AR RAMADI, Iraq -- The terrorist attacks on the United States that occurred on Sept. 11, 2001 made many Americans stop and think about the freedoms and rights that we enjoy everyday. For some, the attacks made them realize that these freedoms come with a price. Zachary Kother was one of those people.
Private Kother, an infantryman with Black Platoon, Combined Anti-Armor Team, Weapons Company, 3rd Battalion, 7th Marine Regiment, decided that after Sept. 11 he wanted to give something back.
“Ever since the attacks on my country, I felt I needed to give something, to do something for my country,” said the 25-year-old from Mechanicsburg, Ill. “I was pushed into electrical work by my family, but I decided to serve my country.”
Both his father and grandfather are electricians, and initially disapproved of his the decision, but Kother found his own path in the Marine Corps.
“I was a union electrician, a second-year apprentice making a lot more money then than I am now,” Kother said. “It was an easy decision for me to make, the Marine Corps was something I’ve always wanted to do. (My father and grandfather) weren’t happy about it at first, they didn’t understand why I wanted to leave my job and go to war. After a while though, they approved and now they support me 100 percent.”
His grandfather was the first to understand Kother’s decision to enlist, he said.
“Both my grandfathers were in the military, one in the Navy and one in the Marine Corps, so it wasn’t like I was the first in my family,” he said.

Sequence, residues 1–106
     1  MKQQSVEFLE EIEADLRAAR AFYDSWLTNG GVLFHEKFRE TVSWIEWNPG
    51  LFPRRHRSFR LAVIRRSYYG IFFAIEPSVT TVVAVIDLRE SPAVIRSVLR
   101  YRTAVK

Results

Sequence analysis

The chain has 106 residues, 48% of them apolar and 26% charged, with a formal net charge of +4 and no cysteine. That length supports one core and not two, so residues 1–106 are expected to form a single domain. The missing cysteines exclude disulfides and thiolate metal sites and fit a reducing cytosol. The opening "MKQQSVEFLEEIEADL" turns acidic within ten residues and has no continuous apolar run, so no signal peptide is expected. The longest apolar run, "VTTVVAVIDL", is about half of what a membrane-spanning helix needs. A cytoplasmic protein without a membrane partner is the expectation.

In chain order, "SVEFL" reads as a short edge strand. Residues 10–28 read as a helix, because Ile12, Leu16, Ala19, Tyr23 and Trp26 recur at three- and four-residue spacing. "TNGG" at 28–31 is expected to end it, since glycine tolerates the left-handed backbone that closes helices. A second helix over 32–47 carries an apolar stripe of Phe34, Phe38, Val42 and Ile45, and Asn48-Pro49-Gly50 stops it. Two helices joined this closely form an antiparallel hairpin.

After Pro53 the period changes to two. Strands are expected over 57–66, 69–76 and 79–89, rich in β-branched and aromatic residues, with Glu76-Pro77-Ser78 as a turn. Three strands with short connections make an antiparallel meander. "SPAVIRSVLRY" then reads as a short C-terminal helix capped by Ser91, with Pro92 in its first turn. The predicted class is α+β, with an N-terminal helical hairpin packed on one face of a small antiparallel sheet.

Despite his skilled background in electrical work, Kother chose to become an infantryman in the Marine Corps.
“If I was going to be in the service, I decided that I wanted to be in the action,” he said. “That’s why I picked the Marine Corps and to be in the infantry.”
Another reason he picked the Marine Corps was to make sure he did his part in the war on terrorism. This included a desire to deploy and see life in a combat zone.
“I want to go out on patrols more, I want to do my job,” said the Tri-City High School graduate. “I believe in what we are doing here, fighting so that the Iraqi people will know what freedom is. I love what I am doing.”
The only wish he had was that more American’s knew the good things the military is doing, especially in places like Iraq, which are often depicted as hopeless countries filled with death and despair.
“I wish more people could see what we’re doing here, the good we are doing for these people,” he said. “I think anyone who is thinking about joining should. It’s a once in a lifetime experience.”
Looking back, he says it was the best decision he ever made, and says he found something in Corps he never had in electrical work – fulfillment.
“Being a Marine gives me a sense of fulfillment I’ve always lacked,” he said “For me, it fills a void I’ve always had, it feels great.”